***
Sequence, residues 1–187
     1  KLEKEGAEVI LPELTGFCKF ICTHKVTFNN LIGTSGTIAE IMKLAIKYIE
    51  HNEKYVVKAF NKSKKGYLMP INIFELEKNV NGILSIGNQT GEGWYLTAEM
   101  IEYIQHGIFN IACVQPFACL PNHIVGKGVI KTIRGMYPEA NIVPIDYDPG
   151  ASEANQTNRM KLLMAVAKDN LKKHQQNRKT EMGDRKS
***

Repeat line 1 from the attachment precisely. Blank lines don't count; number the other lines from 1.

Sequence, residues 1–187